However, the above-mentioned manners of mounting a grip element all have significant drawbacks. Using a blast of air is costly and generally is not desirable. As may be readily appreciated, machinery which mechanically stretches the grip element is not only costly, but also requires precision both in manipulating the grip element as well as in mounting the expanded grip element on the article. Finally, use of alcohol or other types of lubricants which are potentially flammable near assembly equipment has clear inherent risks.
Accordingly, it would be desirable to improve the manner in which a grip element is mounted onto an article such that costs are reduced, and speed and efficiency in assembly are increased.
The present invention is directed to a grip element for assembly onto a free end of a hand-held, finger-held, or finger-manipulated article. One application of the grip element is to provide a comfortable grip for finger-manipulated articles, such as writing instruments, razors, toothbrushes, utensils, and tools. The grip element can also be used with larger articles that may be held in the palm of the user's hand, such as impact tools (e.g., hammers), various sports equipments (e.g., rackets, bats, golf clubs), and motor-driven devices (e.g., power drills or motorcycles). The variety of articles on which the grip element of the present invention may be mounted are referenced herein as “gripped articles” for the sake of convenience only, and not with any intended limitation.
The grip element referenced herein includes a gripping surface and an engagement surface extending from the gripping surface. The engagement surface is configured and dimensioned for engagement by a pushing device such that the pushing device may move the grip element substantially completely onto the gripped article without requiring lubrication or separate expansion of the grip element. For example, the engagement surface may be a substantially planar surface that is angled, or perpendicular to, the gripping surface. The engagement surface is preferably provided at a distal end of the grip element, which is located furthest away from the proximal, free end of the article. Thus, the pushing device pushes the engagement surface onto the gripped article, effectively pulling the rest of the grip element.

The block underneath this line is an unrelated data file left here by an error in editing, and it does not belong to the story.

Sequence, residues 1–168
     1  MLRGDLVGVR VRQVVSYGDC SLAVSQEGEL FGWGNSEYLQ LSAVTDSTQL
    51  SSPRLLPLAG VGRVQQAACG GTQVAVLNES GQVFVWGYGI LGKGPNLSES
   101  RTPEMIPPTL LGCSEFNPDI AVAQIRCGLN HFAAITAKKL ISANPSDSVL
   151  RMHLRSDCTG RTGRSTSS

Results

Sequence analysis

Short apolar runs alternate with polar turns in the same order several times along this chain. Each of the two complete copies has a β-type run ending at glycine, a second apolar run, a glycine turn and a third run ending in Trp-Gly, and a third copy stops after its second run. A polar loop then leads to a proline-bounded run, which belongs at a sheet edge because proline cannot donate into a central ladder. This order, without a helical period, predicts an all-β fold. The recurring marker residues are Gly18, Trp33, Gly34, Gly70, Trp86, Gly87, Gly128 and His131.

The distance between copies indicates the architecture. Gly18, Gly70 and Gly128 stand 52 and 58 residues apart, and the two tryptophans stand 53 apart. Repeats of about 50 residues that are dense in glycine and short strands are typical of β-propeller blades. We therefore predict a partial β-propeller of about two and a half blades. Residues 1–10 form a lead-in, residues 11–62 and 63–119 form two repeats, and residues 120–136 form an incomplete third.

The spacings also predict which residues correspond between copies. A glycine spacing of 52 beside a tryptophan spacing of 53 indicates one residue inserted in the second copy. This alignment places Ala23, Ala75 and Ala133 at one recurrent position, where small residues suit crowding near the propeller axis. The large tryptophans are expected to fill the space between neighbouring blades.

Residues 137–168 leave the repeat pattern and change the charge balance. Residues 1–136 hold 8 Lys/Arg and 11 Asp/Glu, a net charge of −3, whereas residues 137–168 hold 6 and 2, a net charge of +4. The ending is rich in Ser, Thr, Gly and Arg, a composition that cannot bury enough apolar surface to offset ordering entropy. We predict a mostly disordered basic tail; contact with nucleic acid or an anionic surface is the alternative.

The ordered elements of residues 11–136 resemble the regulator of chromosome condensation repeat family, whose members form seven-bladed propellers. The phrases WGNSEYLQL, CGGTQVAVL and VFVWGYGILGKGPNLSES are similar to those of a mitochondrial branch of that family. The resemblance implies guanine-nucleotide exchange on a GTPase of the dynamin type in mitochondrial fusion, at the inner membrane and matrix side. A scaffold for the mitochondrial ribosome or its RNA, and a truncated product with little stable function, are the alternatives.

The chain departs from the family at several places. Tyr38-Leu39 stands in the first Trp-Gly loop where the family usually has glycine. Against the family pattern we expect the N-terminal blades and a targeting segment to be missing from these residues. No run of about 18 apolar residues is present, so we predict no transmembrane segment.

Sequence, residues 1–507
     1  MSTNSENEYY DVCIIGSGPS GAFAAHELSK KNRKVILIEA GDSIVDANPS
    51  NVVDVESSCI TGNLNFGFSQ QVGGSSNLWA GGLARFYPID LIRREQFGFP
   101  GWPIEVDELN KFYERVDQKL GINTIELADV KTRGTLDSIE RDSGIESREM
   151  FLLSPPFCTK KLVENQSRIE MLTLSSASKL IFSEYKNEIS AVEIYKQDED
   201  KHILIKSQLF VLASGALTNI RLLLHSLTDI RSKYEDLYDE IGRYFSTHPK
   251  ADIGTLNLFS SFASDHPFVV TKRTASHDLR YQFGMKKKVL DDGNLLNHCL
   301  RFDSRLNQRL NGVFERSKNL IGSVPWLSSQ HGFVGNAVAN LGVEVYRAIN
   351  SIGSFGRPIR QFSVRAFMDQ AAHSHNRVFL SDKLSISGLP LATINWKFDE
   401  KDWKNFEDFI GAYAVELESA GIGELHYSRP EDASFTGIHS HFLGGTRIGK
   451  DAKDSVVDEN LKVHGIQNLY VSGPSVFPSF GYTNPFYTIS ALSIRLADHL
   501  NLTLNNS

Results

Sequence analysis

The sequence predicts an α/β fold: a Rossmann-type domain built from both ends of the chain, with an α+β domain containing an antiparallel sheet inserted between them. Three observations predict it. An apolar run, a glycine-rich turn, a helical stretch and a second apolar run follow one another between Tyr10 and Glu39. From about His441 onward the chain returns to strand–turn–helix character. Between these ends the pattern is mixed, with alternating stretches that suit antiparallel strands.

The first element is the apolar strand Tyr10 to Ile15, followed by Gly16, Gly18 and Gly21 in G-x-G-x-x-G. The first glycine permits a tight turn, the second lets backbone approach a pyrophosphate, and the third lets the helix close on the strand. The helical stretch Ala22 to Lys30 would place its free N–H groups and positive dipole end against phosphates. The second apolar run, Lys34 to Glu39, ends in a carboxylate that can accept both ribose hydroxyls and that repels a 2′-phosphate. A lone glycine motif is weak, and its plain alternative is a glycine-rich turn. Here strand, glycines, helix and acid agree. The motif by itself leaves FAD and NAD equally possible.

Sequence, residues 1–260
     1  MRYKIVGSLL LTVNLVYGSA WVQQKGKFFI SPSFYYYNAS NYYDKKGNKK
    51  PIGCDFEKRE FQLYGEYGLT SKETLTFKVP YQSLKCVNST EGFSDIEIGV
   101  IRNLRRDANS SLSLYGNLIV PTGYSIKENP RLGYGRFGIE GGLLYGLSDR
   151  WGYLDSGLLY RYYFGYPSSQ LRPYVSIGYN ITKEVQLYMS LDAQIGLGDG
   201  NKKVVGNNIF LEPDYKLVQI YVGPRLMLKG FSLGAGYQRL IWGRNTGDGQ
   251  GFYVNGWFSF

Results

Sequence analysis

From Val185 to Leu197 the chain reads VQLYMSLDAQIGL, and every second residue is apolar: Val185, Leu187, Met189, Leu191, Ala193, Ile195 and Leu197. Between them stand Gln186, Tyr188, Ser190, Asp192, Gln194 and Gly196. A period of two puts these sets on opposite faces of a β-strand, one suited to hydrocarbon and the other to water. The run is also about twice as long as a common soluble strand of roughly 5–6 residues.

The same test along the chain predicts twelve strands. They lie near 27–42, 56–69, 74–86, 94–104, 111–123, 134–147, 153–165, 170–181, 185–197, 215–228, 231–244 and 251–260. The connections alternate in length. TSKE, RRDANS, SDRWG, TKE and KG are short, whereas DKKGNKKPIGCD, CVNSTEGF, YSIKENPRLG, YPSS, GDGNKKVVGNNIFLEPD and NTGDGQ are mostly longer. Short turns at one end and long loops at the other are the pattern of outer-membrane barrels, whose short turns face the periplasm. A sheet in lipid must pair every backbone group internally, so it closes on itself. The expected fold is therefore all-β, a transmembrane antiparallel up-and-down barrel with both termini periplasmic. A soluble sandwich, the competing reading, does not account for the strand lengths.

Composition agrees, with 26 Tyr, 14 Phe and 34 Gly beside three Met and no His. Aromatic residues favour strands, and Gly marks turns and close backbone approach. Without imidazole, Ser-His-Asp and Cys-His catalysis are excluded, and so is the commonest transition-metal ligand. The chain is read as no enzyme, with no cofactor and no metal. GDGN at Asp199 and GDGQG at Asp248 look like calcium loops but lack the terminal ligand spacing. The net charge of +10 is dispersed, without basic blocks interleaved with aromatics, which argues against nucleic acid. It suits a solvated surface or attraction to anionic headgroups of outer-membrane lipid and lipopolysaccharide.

To ease assembly of the grip element onto the gripped article, the inner diameter of the grip element may increase, or taper outwardly, in a direction from a proximal end of the grip element (closest to the pushing device), toward a distal end of the grip element (furthest from the pushing device). In addition, the inner diameter of the grip element at the grip element distal end may be larger than the outer diameter of the grip section at the grip section proximal end, thus allowing the distal end of the grip element to slide readily over at least a portion of the grip section. Further, the inner diameter of the grip element at the grip element proximal end may be smaller than the outer diameter of the grip section at the grip section proximal end to assist in retaining the grip element on the gripped article.
The present invention is also directed to a gripped article incorporating the grip element. The article includes a grip section for receiving the above-described grip element.
The present invention is also directed to a method of assembling a grip element onto a gripped article. The method includes the steps of contacting an engagement surface of the grip element, and pushing the engagement surface to move the grip element onto the article. The engagement surface may be positioned at a distal end of the grip element so that pushing on the engagement surface pulls a gripping portion of the grip element substantially completely onto the grip section of the article. A tubular member, such as a cap (in the case that the grip element is used for a writing instrument), may be slid over the grip element to contact the engagement surface. The method may further include contacting and pushing the end of the grip closest to the free end completely onto the article.
These and other features and advantages of the present invention will be readily apparent from the following detailed description of the invention, the scope of the invention being set out in the appended claims.